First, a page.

BIM usage and awareness
We asked whether people were aware of BIM. In all countries except one, awareness is over 90%, nearly universal. The exception is the Czech Republic: here awareness is at just over 50%, although we can expect this to rise rapidly, as we have seen in other countries.
BIM adoption is highest in Denmark, and lowest in the Czech Republic. Both Canada and Denmark report a majority using BIM on at least some projects in the previous year. In Japan and the UK, the figure is just under half. These figures suggest that BIM is increasingly becoming the norm for construction information across a range of countries. Indeed, adopting BIM may become a prerequisite for working overseas. In the two countries that have taken part in this and the previous international survey, the UK and Canada, we can see an appreciable overall increase in the number of BIM users. The UK has moved from 39% in 2013 to 48%. Canada has moved from 64% to 67%.
We do need to apply some caution when viewing these figures, however. The figures given above are simply the percentage who tell us that they use BIM. As a country becomes more mature in BIM adoption, the criteria for describing oneself as practising it may become more demanding. The survey did not give a definition of BIM, so it's quite possible that what people understand BIM to be varies somewhat by country. Whilst BIM is increasingly well described in international standards, we must allow for variance of understanding in different countries. This is borne out by respondents' views about the clarity of BIM. The graph on the right illustrates, albeit with a significant degree of regional variation, that there is a feeling that the industry is not yet clear enough on BIM.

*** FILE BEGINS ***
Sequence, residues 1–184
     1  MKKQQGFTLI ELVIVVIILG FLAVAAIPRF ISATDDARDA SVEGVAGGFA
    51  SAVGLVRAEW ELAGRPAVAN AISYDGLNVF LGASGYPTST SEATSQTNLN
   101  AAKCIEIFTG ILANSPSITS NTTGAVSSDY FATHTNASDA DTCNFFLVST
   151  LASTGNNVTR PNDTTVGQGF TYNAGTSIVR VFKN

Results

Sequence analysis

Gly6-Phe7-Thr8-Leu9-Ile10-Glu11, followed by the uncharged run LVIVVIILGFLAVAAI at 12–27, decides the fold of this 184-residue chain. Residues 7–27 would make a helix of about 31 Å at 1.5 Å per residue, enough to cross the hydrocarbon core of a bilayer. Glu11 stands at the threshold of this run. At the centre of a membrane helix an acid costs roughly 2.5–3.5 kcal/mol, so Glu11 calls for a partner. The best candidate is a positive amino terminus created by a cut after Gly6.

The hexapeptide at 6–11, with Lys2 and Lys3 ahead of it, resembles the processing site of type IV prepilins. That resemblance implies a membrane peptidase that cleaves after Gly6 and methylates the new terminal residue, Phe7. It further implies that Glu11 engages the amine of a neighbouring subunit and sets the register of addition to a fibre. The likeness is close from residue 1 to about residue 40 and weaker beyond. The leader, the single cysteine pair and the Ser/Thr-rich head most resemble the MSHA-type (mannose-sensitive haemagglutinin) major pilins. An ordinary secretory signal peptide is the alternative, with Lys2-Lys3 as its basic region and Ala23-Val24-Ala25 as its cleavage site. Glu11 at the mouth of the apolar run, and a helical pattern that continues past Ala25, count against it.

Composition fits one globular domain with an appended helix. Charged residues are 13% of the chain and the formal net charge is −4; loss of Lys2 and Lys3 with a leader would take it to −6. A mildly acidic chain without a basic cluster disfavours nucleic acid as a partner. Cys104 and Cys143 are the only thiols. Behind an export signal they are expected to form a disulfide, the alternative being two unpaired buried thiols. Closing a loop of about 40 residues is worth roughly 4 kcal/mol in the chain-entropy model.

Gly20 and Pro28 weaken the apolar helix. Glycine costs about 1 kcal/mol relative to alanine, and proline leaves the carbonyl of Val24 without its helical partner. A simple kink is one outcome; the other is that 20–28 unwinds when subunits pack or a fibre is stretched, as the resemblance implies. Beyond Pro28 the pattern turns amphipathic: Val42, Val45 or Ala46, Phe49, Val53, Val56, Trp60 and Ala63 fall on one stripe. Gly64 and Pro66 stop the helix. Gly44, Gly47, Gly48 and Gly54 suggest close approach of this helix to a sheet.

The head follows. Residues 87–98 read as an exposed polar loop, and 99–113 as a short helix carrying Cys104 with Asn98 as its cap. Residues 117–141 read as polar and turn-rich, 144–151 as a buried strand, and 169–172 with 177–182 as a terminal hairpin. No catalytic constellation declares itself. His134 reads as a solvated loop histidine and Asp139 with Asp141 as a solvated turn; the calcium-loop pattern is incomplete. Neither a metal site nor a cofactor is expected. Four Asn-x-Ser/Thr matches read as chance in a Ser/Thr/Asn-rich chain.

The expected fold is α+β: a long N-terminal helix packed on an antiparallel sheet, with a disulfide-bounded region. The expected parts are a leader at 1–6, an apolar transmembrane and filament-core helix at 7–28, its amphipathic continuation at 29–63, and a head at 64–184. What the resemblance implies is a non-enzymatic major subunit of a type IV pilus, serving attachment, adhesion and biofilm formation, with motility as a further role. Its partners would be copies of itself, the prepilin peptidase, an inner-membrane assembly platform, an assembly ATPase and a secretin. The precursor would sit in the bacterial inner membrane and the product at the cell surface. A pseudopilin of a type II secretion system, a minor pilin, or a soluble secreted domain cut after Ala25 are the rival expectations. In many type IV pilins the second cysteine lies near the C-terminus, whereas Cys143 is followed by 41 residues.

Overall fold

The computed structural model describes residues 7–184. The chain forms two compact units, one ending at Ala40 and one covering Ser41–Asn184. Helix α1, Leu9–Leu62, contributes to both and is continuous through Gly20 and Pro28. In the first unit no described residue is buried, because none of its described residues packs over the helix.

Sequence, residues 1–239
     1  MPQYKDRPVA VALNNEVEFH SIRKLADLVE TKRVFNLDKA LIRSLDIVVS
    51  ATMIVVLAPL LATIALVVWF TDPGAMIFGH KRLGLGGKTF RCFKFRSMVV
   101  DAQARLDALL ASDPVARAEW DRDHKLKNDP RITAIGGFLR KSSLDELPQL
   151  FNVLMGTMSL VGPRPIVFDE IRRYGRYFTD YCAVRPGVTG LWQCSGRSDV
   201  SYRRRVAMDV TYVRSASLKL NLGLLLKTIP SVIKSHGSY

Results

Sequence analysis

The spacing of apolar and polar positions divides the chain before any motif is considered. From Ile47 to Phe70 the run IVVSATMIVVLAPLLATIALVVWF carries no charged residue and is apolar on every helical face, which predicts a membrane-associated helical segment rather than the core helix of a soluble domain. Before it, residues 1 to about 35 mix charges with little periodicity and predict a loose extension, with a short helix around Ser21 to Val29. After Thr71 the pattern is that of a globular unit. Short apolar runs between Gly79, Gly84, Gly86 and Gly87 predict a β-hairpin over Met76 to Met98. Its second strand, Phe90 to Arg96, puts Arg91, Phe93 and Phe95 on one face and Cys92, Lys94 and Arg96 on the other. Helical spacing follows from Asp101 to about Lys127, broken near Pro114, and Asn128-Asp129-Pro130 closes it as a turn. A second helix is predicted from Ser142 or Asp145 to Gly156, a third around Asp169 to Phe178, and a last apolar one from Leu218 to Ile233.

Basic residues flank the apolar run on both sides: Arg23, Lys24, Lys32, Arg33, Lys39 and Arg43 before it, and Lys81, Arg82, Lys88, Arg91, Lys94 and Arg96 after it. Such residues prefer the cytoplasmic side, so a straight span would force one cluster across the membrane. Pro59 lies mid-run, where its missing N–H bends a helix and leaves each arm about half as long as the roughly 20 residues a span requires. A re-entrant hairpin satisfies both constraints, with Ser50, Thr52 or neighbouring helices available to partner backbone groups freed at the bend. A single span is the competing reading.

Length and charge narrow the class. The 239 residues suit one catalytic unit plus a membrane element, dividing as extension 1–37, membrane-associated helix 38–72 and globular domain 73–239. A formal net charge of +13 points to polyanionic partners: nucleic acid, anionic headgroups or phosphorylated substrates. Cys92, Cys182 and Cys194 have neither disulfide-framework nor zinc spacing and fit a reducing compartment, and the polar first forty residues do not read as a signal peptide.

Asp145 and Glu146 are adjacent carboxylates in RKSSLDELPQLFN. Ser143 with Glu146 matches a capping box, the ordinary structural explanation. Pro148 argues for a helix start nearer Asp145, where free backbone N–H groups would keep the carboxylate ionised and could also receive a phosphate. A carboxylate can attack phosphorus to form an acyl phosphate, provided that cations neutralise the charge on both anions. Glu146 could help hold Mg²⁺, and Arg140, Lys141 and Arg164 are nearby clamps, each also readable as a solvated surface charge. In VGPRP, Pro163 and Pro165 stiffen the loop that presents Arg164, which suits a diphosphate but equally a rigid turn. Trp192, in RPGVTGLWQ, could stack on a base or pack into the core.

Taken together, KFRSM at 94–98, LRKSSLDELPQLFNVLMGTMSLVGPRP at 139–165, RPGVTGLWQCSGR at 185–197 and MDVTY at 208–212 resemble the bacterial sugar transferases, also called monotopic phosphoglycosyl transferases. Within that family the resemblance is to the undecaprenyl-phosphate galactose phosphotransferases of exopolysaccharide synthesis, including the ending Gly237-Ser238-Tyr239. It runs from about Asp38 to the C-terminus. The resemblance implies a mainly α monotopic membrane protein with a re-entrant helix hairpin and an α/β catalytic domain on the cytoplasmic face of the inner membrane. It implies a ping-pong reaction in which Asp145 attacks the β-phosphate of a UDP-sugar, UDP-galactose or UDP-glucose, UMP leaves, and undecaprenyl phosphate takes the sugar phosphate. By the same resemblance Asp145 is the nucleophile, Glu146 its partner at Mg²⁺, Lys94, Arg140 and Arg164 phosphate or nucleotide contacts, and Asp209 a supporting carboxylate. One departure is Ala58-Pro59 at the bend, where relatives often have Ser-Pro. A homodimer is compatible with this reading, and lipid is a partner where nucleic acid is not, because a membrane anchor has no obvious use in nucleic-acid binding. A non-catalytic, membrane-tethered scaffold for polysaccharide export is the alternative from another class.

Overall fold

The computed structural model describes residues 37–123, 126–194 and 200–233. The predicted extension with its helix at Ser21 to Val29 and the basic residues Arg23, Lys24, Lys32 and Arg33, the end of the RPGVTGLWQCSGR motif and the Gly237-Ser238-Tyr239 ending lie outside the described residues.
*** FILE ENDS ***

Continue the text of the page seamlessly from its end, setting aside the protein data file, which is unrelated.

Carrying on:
Future use of BIM
The trend of increased adoption is set to continue. We asked whether people would use BIM in the future. If people's intentions become professional practice, the next five years will see a very rapid transformation in how information about buildings is created, shared and used. Within five years, all countries expect BIM to be adopted by over 80% of design professionals. The next twelve months will see the most rapid rate of adoption. Respondents from the Czech Republic take the most measured view, with the increments in adoption being the most evenly distributed across a five year period. In contrast, the UK, Canada and Denmark see the vast bulk of BIM adoption as happening within a three, or even one, year timeframe.